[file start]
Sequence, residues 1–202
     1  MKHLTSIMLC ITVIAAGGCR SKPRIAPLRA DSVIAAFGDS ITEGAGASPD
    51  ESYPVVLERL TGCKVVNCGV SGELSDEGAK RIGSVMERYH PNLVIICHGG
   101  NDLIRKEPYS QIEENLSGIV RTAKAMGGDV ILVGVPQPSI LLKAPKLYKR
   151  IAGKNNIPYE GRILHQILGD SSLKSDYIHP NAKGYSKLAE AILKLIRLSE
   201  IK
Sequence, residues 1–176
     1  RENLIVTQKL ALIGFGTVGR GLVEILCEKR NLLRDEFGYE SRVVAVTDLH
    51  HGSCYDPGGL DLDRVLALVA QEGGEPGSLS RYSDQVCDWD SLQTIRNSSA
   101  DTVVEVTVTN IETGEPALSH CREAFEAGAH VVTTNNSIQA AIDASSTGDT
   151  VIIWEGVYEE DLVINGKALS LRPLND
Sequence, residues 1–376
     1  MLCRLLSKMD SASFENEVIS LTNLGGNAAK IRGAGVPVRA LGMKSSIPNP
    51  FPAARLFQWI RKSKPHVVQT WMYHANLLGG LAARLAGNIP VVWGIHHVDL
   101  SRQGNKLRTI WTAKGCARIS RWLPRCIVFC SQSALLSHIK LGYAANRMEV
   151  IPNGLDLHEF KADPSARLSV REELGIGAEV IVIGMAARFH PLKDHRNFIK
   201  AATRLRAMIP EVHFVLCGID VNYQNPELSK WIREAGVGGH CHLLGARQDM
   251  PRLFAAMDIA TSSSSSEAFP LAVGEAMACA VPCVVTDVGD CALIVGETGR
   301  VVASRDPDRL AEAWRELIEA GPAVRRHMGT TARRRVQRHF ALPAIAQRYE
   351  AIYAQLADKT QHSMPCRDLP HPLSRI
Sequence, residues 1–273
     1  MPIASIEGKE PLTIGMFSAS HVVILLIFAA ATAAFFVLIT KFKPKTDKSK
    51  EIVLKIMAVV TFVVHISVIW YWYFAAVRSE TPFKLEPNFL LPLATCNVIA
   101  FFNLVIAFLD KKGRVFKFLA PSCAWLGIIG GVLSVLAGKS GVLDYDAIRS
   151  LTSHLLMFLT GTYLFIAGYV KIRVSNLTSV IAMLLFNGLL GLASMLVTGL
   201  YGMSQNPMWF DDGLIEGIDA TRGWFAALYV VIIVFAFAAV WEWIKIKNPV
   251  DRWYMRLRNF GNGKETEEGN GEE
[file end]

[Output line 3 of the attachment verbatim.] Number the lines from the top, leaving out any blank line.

    51  ESYPVVLERL TGCKVVNCGV SGELSDEGAK RIGSVMERYH PNLVIICHGG